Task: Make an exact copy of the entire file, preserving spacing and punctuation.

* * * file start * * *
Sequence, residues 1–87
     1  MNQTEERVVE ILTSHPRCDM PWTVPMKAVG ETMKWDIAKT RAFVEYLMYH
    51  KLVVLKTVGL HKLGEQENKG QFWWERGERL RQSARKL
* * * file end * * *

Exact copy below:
Sequence, residues 1–87
     1  MNQTEERVVE ILTSHPRCDM PWTVPMKAVG ETMKWDIAKT RAFVEYLMYH
    51  KLVVLKTVGL HKLGEQENKG QFWWERGERL RQSARKL